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Will boozy ‘Dunkin’ Spiked’ nudge teens to start drinking?


Dunkin’ Spiked, a new line of alcoholic iced coffees and teas from the coffee and donut chain Dunkin’, might give youth “too easy an entry point” into alcohol, warns substance use prevention researcher David Jernigan.

The beverages are sold at package and grocery stores from Texas to Maine in flavors like Caramel Iced Coffee and Mango Pineapple Iced Tea Refresher. Dunkin’ says the boozy drinks are “perfect for day or night enjoyment.”

Despite the breezy PR attempt, Jernigan, a professor of health law, policy, and management at Boston University, has real concerns, and says you might want to stick with your regular coffee. Not only does Dunkin’s new line pack a pretty high alcohol punch—as much as a craft beer for the coffees—he says the beverages could be dangerously appealing to underage drinkers.

“We have more places to buy alcohol in Massachusetts than we have Dunkin’ Donuts,” Jernigan says. “This is, among other things, another way to spread the Dunkin’ brand. My concern is just that this is too easy an entry point [to alcohol] for kids who already have loyalty to the brand.”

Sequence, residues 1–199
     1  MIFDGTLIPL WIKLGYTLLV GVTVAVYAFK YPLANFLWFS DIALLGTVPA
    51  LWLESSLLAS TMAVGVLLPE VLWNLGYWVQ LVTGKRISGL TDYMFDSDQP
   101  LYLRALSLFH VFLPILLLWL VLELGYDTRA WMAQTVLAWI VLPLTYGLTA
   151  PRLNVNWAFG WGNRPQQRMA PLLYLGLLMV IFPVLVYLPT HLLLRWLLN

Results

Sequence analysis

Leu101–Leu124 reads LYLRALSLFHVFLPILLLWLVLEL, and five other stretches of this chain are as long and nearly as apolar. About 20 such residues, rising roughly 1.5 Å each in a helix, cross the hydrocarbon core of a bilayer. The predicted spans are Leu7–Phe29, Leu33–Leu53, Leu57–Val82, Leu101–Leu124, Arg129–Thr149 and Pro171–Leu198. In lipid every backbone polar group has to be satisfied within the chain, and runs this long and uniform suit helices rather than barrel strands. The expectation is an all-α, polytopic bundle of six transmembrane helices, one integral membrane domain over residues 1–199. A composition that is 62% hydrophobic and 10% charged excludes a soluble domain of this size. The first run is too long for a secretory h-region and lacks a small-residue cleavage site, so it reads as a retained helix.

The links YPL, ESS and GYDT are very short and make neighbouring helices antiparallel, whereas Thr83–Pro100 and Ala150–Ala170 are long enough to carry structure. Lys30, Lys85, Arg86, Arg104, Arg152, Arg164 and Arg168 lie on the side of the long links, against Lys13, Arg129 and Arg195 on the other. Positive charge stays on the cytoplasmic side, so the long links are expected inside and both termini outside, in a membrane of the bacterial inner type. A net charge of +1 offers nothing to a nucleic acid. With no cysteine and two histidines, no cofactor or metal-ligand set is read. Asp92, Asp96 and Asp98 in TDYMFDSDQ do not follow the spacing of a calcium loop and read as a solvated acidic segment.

If it seems a long way from rainbow sprinkled donuts to a 6% ABV beverage, Dunkin’ is just the latest in a long line of family-friendly food and drink names jumping into the liquor aisle.

Mountain Dew, SunnyD, and even Eggo—yes, as in the breakfast waffles—have all released hard drinks in recent years. And that has advocates worried about the message being sent to kids by their favorite brands, not to mention the danger of them accidentally (or intentionally) swigging their parents’ alcoholic SunnyD with their breakfast.

A recent Wall Street Journal article on the blurring lines between adult and kids beverages points to multiple examples of Hard Mountain Dew being placed on shelves next to the regular drink—and even near a toy display. “Some states say adult and children’s drinks are getting too close,” the article says.

But for the companies, they see big money to be made: venerable liquor distiller Brown-Forman’s Jack Daniels and Coca-Cola tie-up was reportedly the most successful launch in its history.

Manufacturers say these products are clearly labeled and marketed for over 21s drinking responsibly, and that they train retailers to stock them correctly. On its website, SunnyD addresses its crossover with an FAQ, “Isn’t SunnyD a kid’s drink?” Its response: the vodka seltzer “was developed specifically for adults 21+ who love the bold one-of-a-kind orange flavor of SunnyD and who also enjoy cocktails.”

Here, Jernigan explores the decisions of Dunkin’ and other kid-friendly brands to make a foray into alcoholic drinks and the trend’s potential impact on youth substance use:



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